Barbecue Chicken Chopped Salad
This salad is both beautiful and hearty enough to leave you satisfied
- 5 qts. (5 L) water
- ¼ cup (50 mL) salt
- 1 lb. (450 g) chicken tenderloins
- 1 tbsp (15 mL) Smoky Barbecue Rub
- 8 oz. (250 g) green beans
- 1 medium zucchini
- 3 ears of corn, husks removed (2 cups/500 mL kernels)
- 1 cup (250 mL) cherry tomatoes
- 1 cup (250 mL) frozen edamame beans
- 2 qts. (2 L) ice bath (see cook’s tip)
- 4 slices cooked bacon
- 1 head romaine lettuce, cleaned and dried
- ½ cup (125 mL) Greek yogurt
- ¼ cup (50 mL) buttermilk
- ½ bunch chives, chopped
- 1 garlic clove, crushed
- ½ tsp (2 mL) salt
- ¼ tsp (1 mL) black pepper
Season the chicken with the rub. Add the chicken to the pan and cook for 3–4 minutes per side, or until the internal temperature reaches 165°F (74°C).
Meanwhile, trim the ends from the green beans and cut them into bite-sized pieces. Trim the ends from the zucchini. Cut the zucchini into 3" (7.5-cm) pieces, then cut them in half lengthwise. Cut into half-moons with the Quick Slice. Remove the corn kernels from the cob with the Kernel Cutter. Slice the tomatoes in half using the Close & Cut and the Coated Chef’s Knife.
Add the edamame and green beans to the Silicone Collapsible Steamer & Strainer, and gently lower it into the boiling water. After 2 minutes, add the zucchini and corn kernels. Blanch for 2 minutes, then slowly remove the strainer from the boiling water. Shock the vegetables by placing them into the ice bath. Stir the vegetables in the ice bath to cool for about 2 minutes.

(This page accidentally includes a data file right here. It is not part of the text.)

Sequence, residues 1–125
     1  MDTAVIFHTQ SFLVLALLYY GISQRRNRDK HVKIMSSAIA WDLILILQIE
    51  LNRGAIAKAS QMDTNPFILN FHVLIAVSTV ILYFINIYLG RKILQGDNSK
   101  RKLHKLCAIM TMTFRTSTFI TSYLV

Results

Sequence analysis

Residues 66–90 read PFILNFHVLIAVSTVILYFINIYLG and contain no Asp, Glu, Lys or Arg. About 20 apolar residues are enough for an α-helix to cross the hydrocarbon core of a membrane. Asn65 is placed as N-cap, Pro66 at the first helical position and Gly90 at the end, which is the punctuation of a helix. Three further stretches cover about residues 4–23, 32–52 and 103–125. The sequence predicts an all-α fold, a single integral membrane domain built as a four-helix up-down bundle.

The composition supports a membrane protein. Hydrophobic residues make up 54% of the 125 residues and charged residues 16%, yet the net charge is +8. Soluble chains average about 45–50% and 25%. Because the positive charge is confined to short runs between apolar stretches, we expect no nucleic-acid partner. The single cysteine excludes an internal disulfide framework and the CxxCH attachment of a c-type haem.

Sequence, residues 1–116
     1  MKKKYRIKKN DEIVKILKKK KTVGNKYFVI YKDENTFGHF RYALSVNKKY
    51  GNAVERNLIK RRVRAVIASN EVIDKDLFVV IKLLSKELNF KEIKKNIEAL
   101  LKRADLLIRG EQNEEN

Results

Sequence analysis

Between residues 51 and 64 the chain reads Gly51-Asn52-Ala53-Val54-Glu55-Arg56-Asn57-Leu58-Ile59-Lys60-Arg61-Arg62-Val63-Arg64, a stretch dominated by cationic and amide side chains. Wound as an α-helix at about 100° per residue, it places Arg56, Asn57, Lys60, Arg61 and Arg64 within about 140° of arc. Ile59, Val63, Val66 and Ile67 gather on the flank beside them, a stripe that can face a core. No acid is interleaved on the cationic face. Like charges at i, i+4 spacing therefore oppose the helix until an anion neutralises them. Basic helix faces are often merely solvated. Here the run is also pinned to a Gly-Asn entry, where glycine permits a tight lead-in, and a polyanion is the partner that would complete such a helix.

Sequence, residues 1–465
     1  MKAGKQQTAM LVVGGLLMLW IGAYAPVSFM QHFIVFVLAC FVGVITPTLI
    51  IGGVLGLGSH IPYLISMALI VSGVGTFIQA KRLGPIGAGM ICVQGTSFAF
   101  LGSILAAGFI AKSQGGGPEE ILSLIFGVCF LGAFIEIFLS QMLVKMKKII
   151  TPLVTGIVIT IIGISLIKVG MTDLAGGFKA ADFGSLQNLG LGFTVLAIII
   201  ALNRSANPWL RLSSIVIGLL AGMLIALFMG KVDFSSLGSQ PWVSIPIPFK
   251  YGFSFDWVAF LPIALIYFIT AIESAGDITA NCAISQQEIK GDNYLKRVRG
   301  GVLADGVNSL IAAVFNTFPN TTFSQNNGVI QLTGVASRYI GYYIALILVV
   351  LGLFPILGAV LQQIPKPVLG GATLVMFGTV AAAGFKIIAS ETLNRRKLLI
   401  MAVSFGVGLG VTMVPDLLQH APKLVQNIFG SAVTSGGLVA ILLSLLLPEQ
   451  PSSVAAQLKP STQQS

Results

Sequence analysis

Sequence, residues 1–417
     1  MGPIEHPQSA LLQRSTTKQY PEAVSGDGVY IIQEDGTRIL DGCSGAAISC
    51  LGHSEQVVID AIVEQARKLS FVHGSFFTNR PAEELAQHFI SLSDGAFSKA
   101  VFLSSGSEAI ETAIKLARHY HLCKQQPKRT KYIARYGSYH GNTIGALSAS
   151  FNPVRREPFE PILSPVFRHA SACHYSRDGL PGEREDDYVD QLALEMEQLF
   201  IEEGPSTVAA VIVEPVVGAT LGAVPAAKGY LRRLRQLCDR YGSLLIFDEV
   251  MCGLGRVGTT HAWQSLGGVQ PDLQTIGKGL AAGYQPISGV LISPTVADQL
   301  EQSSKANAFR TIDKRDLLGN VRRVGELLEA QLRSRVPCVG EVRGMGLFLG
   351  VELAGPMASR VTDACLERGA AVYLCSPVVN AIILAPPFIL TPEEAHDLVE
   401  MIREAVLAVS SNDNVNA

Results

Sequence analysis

Remove the vegetables from the ice bath and transfer to the Salad & Berry Spinner; spin to remove excess water.
Combine all the ingredients for the dressing in the Measure, Mix & Pour® and pump the handle to mix.
- 4 servings
Nutrients per serving:
U.S. Nutrients per serving: Calories 350, Total Fat 15 g, Saturated Fat 4 g, Cholesterol 205 mg, Sodium 530 mg, Carbohydrate 32 g, Fiber 8 g, Sugars 11 g, Protein 26 g
Blanching and shocking vegetables makes them look and taste great—plus, it makes food last longer and makes meal prep easier. When you blanch and shock vegetables, your ice bath should be half water, half ice. Getting the water as cold as possible ensures that blanched vegetables stop cooking from residual heat and locks in the color, flavor, and texture you want.